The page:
Runaway businessman Radovan Krejcir bails out

Radovan Krejcir, photo: CTK

The case of the fugitive Czech businessman Radovan Krejcir has taken a new course after a court in Johannesburg, South Africa, ruled on Friday that Mr Krejcir be released on bail of over three million Czech crowns. He is to remain in South Africa until he returns to the court in August.

Radovan Krejcir, photo: CTK
The long awaited court session turned out well on Friday for the Czech fugitive Radovan Krejcir. In the Czech Republic, he is wanted for a number frauds and conspiracy to murder but a court in Johannesburg, ruling on whether Mr Krejcir should be extradited to his homeland, released him on bail until the next session in August. The visibly relieved Mr Krejcir paid his bail of over three million crowns, said he was impressed by the South African judicial system, and walked away. Khethiwe Mabena, a journalist for the South African daily The Times, who was present in the courtroom, says the judge questioned the motifs of the Czech prosecution as well as the length of the whole process.

"He believed that Mr Krejcir was not running away from the Czech Republic from prosecution. He believes that there was a conspiracy behind the charges that were brought against him and he said some of the charges date back to 1999 and that Krejcir was not charged with these charges, and why do they want him now."

Radovan Krejcir has been on the run ever since his spectacular escape from his own Prague villa two years ago. He ran away when the house was being searched by the police, which cost the Czech police president his chair. It turned out later that he left the country, reunited with his family and together left for the Seychelles. In February 2007, however, an extradition treaty was signed between the Seychelles and the Czech Republic, and Mr Krejcir found himself on the move once again. The judge of the Kempton Park Magistrates Court in Johannesburg, says Khethiwe Mabena, had a different opinion as for the reasons that brought Mr Krejcir to South Africa.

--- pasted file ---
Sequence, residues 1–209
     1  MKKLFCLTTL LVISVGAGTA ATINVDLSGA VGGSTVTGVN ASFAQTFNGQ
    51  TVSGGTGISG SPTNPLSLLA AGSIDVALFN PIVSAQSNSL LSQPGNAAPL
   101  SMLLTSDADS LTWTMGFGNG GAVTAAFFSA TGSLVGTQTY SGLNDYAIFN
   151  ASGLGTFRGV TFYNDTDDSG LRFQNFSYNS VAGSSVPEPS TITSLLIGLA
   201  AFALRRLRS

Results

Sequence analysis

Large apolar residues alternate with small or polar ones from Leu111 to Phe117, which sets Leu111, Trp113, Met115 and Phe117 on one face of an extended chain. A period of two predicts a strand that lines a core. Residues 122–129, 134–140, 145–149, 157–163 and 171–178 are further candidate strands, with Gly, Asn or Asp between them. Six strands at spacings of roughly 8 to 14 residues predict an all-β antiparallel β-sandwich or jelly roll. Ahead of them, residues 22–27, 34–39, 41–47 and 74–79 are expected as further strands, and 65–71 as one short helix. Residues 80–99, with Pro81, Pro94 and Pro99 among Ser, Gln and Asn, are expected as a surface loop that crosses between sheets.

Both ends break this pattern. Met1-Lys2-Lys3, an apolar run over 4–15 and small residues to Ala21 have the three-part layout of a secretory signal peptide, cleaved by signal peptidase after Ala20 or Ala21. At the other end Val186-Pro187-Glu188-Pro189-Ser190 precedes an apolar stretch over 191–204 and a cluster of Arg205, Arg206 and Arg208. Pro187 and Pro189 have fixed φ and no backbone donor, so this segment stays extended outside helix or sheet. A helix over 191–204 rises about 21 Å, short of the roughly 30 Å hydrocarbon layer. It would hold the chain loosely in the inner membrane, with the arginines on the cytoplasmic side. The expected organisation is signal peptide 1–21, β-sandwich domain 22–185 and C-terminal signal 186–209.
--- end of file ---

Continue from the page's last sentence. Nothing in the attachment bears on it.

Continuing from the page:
"He said that the reason why Krejcir had run away from the Seychelles into South Africa was that he wanted to settle in South Africa, and then when Krejcir got here, he bought some businesses and a house and a car. The magistrate said that he saw a conspiracy because the Seychelles does not have extradition right. It is not a country that can extradite someone, but they had completed an extradition treaty with the Czech Republic to extradite Krejcir."

The Czech Ministry of Justice says they cannot comment on a ruling by an independent court of a sovereign country, but Zuzana Kuncova, the ministry spokeswoman, blames the past government for the delays in prosecuting Mr Krejcir.

"If the court says the proceedings take too long, I would like to point out that the current Ministry of Justice is dealing with a problem that originated during the term of the last government when Radovan Krejcir escaped during a house search. If this had not happened, we would not have to be dealing with this."

Whoever's fault it was that the proceedings took so long and the whole legal matter loses credibility abroad, we will have to wait until August 8 to see if Mr Krejcir will face trial in the Czech Republic or continue his business career in South Africa.